Wednesday, November 27, 2013

The Happiest Moment…

…of an employer’s life is when he or she can toss your resume and cover letter into the garbage.

“1. I'm 45. 2. I wear reading glasses. 3. I have 200 files to read. 4. It's 10 p.m., I've worked a 12-hour day, my kid has just thrown up, and if I don't do laundry tonight, I'm not going to have clean underwear tomorrow. 5. So if you don't make this in a font that I can read without straining, you're toast!"

I’ve got to love this quote… because I’ve been there, done that. (Okay, I’m older and no kids. But the underwear thing—yup.)

It’s from a blog for academics, with advice to job-seekers. If you are reading my blog, you are probably not looking for a job as a tenure-track college professor. You probably don’t have a Ph.D. You may not even have your B.A., yet, but God willing and the creek don’t rise, you’ll have one in a short while.

So what’s the point? The point is that there are more applicants than ever out there looking for your job. Your application materials will possibly be read first by a machine. And then, if you make the cut—your materials will be read by a human being who is stressed out, sleep-deprived, perhaps dyslexic, balancing work and life badly, and who really needs a compelling reason to keep your application “in the running” for the job, rather than to toss it.

Make your materials easy to read (font size!), pleasant, engaging.

Tuesday, November 26, 2013

Be Fair to Yourself; Attend a Fair!

It's not too early to start preparing and psyching yourself up for career fairs (or job fairs, career development events--they go under various names). Here's an article that outlines a list of must-haves/must-dos before you attend an event:

If you want to know what career fairs are upcoming, check here, at the Niagara University Career Services calendar of upcoming events: Extra bonus points: many of them are on campus, so you don't need to hop a bus or beg a ride!

When should you go to such an event? Well--yes, obviously, when you are actively on the market, ready to graduate, and looking for a job. But here's an insider tip: go anyway if you are still years from being ready to roll. Shake hands, walk around, get a feel for how the whole thing operates. That way, you'll avoid that glazed-eye "deer in the headlights" look when the real thing is an inevitable part of your new life.

Monday, November 25, 2013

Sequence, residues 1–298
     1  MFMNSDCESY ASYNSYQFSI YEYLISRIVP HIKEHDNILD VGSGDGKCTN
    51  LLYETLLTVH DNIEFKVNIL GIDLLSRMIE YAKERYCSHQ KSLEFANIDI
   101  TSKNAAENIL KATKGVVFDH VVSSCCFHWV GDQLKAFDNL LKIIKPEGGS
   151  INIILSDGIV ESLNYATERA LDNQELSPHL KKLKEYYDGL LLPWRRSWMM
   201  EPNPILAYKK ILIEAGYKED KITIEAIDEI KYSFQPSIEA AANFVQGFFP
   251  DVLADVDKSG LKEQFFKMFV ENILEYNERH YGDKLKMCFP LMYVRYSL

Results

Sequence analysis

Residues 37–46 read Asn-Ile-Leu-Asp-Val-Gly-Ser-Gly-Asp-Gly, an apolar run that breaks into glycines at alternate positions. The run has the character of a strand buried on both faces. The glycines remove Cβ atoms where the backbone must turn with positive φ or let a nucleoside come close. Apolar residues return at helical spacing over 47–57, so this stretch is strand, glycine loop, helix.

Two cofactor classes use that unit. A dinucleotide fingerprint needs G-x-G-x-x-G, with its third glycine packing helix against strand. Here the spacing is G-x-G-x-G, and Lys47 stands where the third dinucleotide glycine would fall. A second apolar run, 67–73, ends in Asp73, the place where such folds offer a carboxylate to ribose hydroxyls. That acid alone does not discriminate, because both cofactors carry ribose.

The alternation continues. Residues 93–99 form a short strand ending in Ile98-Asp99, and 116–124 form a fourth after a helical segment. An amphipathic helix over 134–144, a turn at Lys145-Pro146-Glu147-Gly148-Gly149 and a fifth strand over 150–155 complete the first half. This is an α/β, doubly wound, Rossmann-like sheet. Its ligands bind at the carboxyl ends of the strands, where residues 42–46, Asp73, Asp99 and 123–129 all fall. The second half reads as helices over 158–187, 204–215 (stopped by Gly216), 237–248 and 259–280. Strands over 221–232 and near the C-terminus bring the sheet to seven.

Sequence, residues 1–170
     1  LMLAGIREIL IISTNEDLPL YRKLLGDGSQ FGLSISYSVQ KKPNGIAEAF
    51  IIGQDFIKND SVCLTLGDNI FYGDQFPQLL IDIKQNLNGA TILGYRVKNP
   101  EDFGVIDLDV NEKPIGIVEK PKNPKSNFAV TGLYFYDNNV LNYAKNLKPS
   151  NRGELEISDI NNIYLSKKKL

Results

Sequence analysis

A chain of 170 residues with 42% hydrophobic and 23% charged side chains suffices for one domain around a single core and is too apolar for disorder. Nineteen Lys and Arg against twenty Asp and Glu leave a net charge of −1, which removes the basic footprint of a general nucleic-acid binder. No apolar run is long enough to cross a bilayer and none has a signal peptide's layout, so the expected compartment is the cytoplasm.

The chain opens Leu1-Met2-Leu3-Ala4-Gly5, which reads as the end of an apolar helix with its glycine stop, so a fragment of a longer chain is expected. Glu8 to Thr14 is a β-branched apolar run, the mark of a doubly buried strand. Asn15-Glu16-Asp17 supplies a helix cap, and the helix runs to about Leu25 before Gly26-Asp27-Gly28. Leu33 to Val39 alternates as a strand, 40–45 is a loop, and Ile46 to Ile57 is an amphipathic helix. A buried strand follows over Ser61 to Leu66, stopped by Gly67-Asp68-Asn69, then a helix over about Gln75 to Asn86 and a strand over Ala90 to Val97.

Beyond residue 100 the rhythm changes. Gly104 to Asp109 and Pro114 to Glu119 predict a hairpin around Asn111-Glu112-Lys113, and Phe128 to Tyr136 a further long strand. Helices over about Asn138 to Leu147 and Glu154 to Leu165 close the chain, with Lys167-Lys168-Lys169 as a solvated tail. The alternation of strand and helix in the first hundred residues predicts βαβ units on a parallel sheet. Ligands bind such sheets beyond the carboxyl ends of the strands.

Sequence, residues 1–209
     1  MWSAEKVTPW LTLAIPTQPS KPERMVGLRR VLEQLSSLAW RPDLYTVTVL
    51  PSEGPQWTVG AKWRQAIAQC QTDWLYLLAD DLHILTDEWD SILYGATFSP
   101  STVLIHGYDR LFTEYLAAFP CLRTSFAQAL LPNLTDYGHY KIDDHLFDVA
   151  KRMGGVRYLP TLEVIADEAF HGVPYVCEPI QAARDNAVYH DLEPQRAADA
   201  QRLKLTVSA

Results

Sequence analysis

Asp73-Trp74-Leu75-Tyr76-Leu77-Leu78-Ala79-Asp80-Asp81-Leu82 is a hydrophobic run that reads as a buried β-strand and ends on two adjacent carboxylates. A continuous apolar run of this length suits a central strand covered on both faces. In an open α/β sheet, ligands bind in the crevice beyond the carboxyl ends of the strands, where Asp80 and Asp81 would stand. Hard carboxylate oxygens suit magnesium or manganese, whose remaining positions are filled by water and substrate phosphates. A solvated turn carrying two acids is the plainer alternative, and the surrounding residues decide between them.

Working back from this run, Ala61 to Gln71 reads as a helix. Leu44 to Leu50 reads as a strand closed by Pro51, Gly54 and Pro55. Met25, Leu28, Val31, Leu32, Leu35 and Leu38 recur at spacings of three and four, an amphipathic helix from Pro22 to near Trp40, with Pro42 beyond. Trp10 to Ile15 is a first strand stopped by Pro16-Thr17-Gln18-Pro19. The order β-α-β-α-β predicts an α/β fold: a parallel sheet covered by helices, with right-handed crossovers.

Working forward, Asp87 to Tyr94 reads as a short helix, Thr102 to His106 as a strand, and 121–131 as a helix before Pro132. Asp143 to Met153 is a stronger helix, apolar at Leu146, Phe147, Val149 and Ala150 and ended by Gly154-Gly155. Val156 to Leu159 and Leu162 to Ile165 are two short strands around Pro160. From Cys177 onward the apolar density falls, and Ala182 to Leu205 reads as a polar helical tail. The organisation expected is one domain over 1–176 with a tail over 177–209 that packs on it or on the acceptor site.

Group Hug!

If you haven't joined any LinkedIn Groups yet, why not make the Thanksgiving break a time to get started?

Groups are collections of people who share something in common--well, duh. On LinkedIn, groups are where conversations take place, and where you can keep your ear to the ground about the industry of your choice (writing, editing, English-y sorts of things). You can also jump into that conversation and begin establishing yourself as an insider.

They are not like Facebook's system of "liking" an organization and then waiting for them to send you a coupon or something. (I've never really gotten the whole Facebook "like" thing--what if I want to "not like"? or discuss?)

You'll find the official LinkedIn FAQ information here: Before you start a group (the first major set of topics), take some time to be a member (the cluster of topics near the end of the article).

On the etiquette and uses of groups, here's a great article about making the most of your group experience:

Friday, November 22, 2013

When it's Legal to Discriminate

You know there's stuff employers cannot ask you legally, right? Things like:
  • How old are you?
  • What is your religion?
  • How many children do you have?
  • What is your political affiliation?

The point is that these are all legally verboten questions because your age, religion, children or politics have no bearing on your ability to perform a job. (Obviously, if you want to be a fundraiser for Democrats, but you are a Tea-Party Republican, some of these categories might be relevant--but not very often.)

However, you can be discriminated against because of your age, religion, politics and so on--if a prospective employer notices your Facebook profile, your tweets, or other social media and dislikes what he or she finds there. At least, there have not been any statutes or case-law challenges to the practice. And anyway, who is to say whether an employer passed you over "because" of a statement on your Facebook page or not? How can they prove it?

Moral of the story: lock down your privacy settings, and be sure that anything "the general public" has access to presents you with only information you would be comfortable disclosing to a prospective employer.

(PS: Thanks and a tip o' the hat to Joyce!)

Are you Naked without a Resume?

Well--yes you are. You've got to have a resume. And it has to be great. Applying for jobs without a resume is like walking out of the house in the morning to retrieve your newspaper without having put your robe on to cover up--well, whatever you sleep in.

But pay more attention to your social media profile, where you can really develop a sense of who you are, outside of the strait-jacket confinement of what a resume is supposed to look like.

Here's a great article with links to additional resources on how to craft a LinkedIn profile, interact with others in your chosen industry or field in forums or on Twitter, and offer samples of your work for a prospective employer who wants to know more (without lugging around a portfolio).